CILEX private client firm becomes first to transfer to SRA

Bunn: Fixed fees for complex work

A private client firm in Norwich has become the first to transfer regulator from CILEX Regulation (CR) to the Solicitors Regulation Authority (SRA).

Louise Bunn, director of LB Wills & Probate, said she was aware of five more CILEX firms that had applied to be licensed as alternative business structures (ABSs) by the SRA, one of which could be licensed next month.

Despite the move, she was strongly opposed to a plan by the Chartered Institute of Legal Executives (CILEX) to abolish CR and move the regulation of members and firms to the SRA.

Ms Bunn said the main reason for her decision to change was an email from CR in April about a consultation on whether CILEX firms should switch their client accounts to third-party managed accounts (TPMAs).

The impact of this would be an “untenable” increase in the cost of her firm’s banking from £168 per year to £6,000. She anticipated other problems, such as the TPMA provider refusing to take cheques.

The idea was proposed in the wake of CR failing to find an indemnity insurer to back its compensation fund last year, meaning that the fund had to be self-financed. The consultation argued that a TPMA would remove the need “for a large cash, or insurance-backed compensation fund”.

The idea has now been dropped but Ms Bunn decided to make the move with her reauthorisation looming on 1 August.

She set up LB Wills & Probate in August 2019, having worked for a number of solicitors’ firms.

One reason for her dissatisfaction with working for law firms was having to be supervised by a solicitor even when, at her previous firm, she was head of private client.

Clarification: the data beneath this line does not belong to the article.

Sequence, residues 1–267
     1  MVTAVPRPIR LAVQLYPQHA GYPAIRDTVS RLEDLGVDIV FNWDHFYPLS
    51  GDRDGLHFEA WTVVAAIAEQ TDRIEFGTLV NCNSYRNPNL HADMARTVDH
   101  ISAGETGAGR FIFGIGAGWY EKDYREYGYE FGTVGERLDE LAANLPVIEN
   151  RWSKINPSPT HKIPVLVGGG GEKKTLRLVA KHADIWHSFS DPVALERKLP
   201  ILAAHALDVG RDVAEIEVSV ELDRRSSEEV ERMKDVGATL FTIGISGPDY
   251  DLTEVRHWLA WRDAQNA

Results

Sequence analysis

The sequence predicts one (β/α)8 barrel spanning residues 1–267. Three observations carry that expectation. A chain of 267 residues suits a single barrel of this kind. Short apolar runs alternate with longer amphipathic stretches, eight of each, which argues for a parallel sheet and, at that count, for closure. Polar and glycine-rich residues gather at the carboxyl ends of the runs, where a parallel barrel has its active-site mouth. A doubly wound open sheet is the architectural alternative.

Ms Bunn said LB Wills & Probate offered clients fixed fees not just for simple wills and powers of attorney, but for more complex wills and estate administration, calculating the fees according to the number of assets and beneficiaries and reserving the right to charge more in exceptional cases.

Earlier this year, she recruited a part-time solicitor who was able to do work in the Court of Protection. Despite being a fellow of CILEX, Ms Bunn said she had no practice rights to carry out that work.

She said there were other issues faced by CILEX firms, such as the difficulty in finding an indemnity insurer given the small number of CILEX firms, of which there are fewer than 30.

Another was the refusal of some financial institutions to make payments from estates to firms not regulated by the SRA.

Ms Bunn said: “I had my own reasons for leaving, but, apart from the incident with TPMAs, my experience of CILEX Regulation has been very good.”

She said she was opposed to moving to a regulator with ‘solicitor’ in the title. “We should be showing how great CILEX is and how we are specialists in our fields.”

A CILEX Regulation spokeswoman said: “Following the withdrawal of our insurer, the underwriter of the CILEX compensation fund, and the wider challenges in the insurance market, CILEx Regulation consulted on replacing holding client money with the use of TPMAs earlier this year.

“As a result of extensive engagement with our firms, it became clear that the solution provided by the TPMA was unworkable and we are intending to retain the current interim arrangements for compensation, whilst we explore further alternative measures to ensure a feasible outcome.

“These proposals form part of a wider review of our regulatory arrangements which we announced in our new strategy last year, and on which we plan to consult widely in the coming weeks.”

She added that recognition of non-SRA regulated firms by financial institutions was an issue affecting “a number of fellow legal regulators”.

“Some, but not enough, progress has been made, thanks to our and others’ efforts but much more is needed. CILEX Regulation is therefore working with the wider sector and financial bodies to find a way forward.”

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